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Mt. San Antonio College Provides Fresh Start To Former Foster Youth (And Other Headlines)

A young woman with long dark hair sits in a garden surrounded by blue ribbons.
Dani Lima is the Student Services Support Specialist in the REACH program at Mt. SAC, and a REACH alumni.
(Jackie Orchard
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In Los Angeles County, more than 17,000 children currently reside in homes not with their biological parents. They are in foster care, group homes or living with relatives. Nationwide, that number is around 435,000. Many of these children and teenagers are cycled within the foster care system, moving from home to home. Trying to get an education, much less graduate and go off to college, can be a challenge.

REACH Program Gives Stability For College Students Formerly In Foster Care

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One L.A. community college has a program that helps young people transition out of the foster care system. The goal is to support former foster youth to achieve success in college and beyond. It’s called REACH — Reaching, Empowering, Achieving & Completing with Heart — and it currently serves about 300 students.

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My colleague Jackie Orchard spoke with students who are a part of this program at Mt. San Antonio College about what this program has done for them. These students get wrap-around support through mentoring, specialized counselors, life skills classes and a whole lot more.

Dani Lima is a graduate of the program and now works for it as student services support specialist.

“I never had anybody to be interested in what was happening with me or even cared where I was at or if I was safe,” Lima said. “I didn't have anybody else asking me that kind of stuff or inviting me to things for the holidays. But REACH always did."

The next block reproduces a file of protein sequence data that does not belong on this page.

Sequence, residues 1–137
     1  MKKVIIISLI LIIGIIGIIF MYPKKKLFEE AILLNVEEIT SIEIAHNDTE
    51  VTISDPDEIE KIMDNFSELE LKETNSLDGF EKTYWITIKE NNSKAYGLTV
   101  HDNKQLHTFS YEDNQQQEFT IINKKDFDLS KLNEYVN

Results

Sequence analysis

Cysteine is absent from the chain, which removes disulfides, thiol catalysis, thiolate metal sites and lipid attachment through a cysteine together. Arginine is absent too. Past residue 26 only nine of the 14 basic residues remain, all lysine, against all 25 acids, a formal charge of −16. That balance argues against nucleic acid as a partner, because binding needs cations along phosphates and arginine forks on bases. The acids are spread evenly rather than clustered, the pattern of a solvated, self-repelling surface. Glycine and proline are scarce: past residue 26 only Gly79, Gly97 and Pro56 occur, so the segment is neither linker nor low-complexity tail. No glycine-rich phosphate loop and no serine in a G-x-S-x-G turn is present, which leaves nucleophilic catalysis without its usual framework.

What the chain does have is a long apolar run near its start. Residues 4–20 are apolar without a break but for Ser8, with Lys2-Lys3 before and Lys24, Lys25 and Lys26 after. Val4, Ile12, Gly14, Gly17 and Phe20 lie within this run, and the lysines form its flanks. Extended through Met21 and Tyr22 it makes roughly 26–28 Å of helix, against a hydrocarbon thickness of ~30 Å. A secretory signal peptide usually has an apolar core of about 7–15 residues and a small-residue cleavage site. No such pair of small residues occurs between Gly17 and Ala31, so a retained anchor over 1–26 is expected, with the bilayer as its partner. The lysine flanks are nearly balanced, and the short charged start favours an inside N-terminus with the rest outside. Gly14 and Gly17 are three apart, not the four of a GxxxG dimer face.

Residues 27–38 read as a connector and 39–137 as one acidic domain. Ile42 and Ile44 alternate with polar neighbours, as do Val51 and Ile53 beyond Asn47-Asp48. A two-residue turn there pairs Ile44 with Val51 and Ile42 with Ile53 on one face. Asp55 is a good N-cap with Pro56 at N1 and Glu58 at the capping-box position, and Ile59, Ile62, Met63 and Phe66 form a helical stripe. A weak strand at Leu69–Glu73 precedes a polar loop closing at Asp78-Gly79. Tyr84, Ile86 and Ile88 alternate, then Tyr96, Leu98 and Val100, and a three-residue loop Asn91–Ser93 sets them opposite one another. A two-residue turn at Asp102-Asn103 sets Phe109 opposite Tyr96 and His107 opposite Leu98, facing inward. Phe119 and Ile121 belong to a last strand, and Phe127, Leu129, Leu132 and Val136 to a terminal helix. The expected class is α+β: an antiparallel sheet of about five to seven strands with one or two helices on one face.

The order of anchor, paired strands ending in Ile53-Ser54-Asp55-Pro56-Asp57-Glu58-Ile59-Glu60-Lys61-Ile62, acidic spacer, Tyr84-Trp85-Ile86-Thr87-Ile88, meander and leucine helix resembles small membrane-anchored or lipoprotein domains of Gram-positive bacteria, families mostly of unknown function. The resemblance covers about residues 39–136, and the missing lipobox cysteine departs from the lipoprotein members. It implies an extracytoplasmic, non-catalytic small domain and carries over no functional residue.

Read Jackie’s story to learn more about former foster care youth like Lima, who have been helped by Mt. Sac’s REACH program. Check it out here.

There’s more news below — just keep reading.

We’re here to help curious Angelenos connect with others, discover the new, navigate the confusing, and even drive some change along the way.

More News

(After you stop hitting snooze)

  • Health care workers in the L.A. County jail systems rallied in front of Men’s Central Jail citing harsh conditions for people who are incarcerated there. Nurses, psychologists and others are asking that a federal judge to tour the facility.
  • Families of Black and disabled students are suing the Antelope Valley Union High School District because of disproportionate disciplinary actions compared to white children and those without disabilities. My colleague Mariana Dale has more details.
  • We could see a record number of summer travelers starting this weekend. NPR’s David Schaper has all you need to know for the months ahead. My colleagues Gillian Morán Pérez and Jessica P. Ogilvie also have information about Memorial Day weekend travel at LAX. 
  • The Pasadena Playhouse will receive the 2023 Regional Theatre Tony Award along with a $25,000 grant. In 2010, the theater nearly shut down due to financial issues. 
  • A new report finds that California State University, the largest public four-year college system in the U.S., is not making enough money to sustain itself. There's a nearly $1.5 billion funding gap that some fear could lead to tuition hikes.